17 Trigger Input (T1) 18 Trigger Output (T0)
19 GND (↓) 20 GND (↓)
21 AWG1 (W1) 22 INT/CLK1 (C1)
23 DC Output 1 (V1) 24 DC Output 2 (V2)
25 GND (↓) 26 GND (↓)
27 AI2+/OSC2 (2+) 28 GND/AI2- (2-)
29 AI1+/OSC1 (1+) 30 GND/AI1- (1-)

Walk Around the Board

Walk Around the OpenScope

Oscilloscope

OpenScope MZ uses the ADC on the PIC32MZ to create a 2 channel oscilloscope with 12-bits of resolution per channel. Each channel has a pair of analog inputs with a PWM output to facilitate the interleaving of the two inputs, one PWM to handle the input offset voltages, and one DMA channel at the second highest priority to transfer the measured data.

Analog Input on the OpenScope MZ

To ensure that the ADC performs accurately, a 3 V reference with feedback must be assumed to be accurate with 0.1% resistors and 10% capacitors.

3V reference for the Oscilloscope

The oscilloscope has the following features:

  • 2 Channels
  • 12 bits of resolution per channel
  • 6.25 MS/s per channel
  • 2 MHz bandwidth at -3 dB
  • Input impedance of 1 MΩ
  • Input voltage range of ±20 V
  • Maximum Buffer Size of 32640 samples per channel
    • Reduced from a maximum size of 32766 samples to account for ADC warm-up and pre-trigger data, various delay timer overrun sources, and a 4 byte reduction to prevent large DMA stalls when the maximum destination block size is used.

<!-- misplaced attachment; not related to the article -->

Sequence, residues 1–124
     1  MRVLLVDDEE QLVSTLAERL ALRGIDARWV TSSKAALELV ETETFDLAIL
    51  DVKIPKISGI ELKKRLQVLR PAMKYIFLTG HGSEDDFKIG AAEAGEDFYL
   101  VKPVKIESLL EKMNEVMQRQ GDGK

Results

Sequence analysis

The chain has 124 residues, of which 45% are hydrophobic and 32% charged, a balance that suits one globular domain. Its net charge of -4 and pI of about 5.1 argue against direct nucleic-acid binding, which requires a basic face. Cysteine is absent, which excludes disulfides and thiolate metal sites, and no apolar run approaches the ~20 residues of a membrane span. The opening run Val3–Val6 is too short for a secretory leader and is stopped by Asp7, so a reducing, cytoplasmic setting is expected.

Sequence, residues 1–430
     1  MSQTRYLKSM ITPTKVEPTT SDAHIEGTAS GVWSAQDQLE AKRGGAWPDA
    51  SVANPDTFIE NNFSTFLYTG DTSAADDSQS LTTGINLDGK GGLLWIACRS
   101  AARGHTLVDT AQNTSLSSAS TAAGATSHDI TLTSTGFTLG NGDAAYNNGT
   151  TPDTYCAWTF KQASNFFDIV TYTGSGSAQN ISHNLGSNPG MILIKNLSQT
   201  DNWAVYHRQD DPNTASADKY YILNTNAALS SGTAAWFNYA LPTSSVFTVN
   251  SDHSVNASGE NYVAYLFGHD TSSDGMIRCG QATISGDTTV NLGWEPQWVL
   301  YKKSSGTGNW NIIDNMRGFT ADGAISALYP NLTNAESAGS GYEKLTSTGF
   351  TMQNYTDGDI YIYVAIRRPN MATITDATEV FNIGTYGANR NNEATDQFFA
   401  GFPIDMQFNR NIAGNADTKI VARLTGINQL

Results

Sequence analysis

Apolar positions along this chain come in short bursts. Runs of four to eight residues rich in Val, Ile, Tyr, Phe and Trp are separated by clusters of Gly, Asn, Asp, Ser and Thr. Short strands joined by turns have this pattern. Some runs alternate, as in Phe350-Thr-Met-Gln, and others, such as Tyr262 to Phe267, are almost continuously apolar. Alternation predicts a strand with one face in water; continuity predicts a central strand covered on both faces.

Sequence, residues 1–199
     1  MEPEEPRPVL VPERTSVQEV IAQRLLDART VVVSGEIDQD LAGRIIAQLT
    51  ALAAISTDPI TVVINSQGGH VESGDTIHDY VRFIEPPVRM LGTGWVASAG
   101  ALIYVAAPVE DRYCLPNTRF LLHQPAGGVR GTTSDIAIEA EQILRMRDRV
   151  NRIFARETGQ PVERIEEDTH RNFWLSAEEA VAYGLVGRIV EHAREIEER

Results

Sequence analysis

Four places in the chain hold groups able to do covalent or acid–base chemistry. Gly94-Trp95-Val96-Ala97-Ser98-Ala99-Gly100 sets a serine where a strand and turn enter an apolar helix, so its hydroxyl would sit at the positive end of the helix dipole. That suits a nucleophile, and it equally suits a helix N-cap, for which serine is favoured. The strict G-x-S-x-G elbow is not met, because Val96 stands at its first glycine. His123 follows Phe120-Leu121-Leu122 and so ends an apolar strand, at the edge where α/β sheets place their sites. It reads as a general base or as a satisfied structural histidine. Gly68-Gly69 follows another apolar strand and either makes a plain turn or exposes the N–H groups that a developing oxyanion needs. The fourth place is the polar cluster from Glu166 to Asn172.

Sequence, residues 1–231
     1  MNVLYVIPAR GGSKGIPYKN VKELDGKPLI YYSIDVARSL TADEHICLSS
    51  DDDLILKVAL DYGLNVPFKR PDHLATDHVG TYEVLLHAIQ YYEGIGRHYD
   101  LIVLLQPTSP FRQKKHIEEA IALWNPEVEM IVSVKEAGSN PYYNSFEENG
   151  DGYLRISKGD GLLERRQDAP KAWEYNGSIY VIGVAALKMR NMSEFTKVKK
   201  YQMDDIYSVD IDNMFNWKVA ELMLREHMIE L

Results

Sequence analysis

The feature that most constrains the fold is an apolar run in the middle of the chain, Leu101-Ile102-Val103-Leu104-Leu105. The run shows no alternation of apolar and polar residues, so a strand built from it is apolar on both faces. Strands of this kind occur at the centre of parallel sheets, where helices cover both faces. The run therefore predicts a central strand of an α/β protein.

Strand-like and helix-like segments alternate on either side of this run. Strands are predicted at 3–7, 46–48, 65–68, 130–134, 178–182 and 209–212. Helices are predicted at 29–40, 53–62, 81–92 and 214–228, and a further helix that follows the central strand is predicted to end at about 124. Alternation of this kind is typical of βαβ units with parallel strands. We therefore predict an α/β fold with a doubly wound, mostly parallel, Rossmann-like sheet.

Function Generator

The OpenScope MZ has a single channel 10 MS/s 10-bit function generator. An R2R resistor ladder with 1% resistors is used in place of a DAC. Due to the nature of resistor ladders, it is possible to have a missing code for steps larger than 3 mV or encounter propagation delays, most notably when switching between the values of 0x1FF and 0x200. The channel uses 10 IO pins on the PIC32MZ to generate the output through the resistor ladder and a DMA channel that is shared with the Logic Analyzer at the highest priority level to transfer data and a PWM output to control the offset voltage level.

Function Generator schematic

Actual Propagation delay